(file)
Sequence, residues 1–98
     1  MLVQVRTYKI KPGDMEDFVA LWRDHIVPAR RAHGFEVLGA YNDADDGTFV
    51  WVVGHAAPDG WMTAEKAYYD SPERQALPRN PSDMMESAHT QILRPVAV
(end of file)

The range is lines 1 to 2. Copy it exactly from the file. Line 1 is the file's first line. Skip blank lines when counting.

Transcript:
Sequence, residues 1–98
     1  MLVQVRTYKI KPGDMEDFVA LWRDHIVPAR RAHGFEVLGA YNDADDGTFV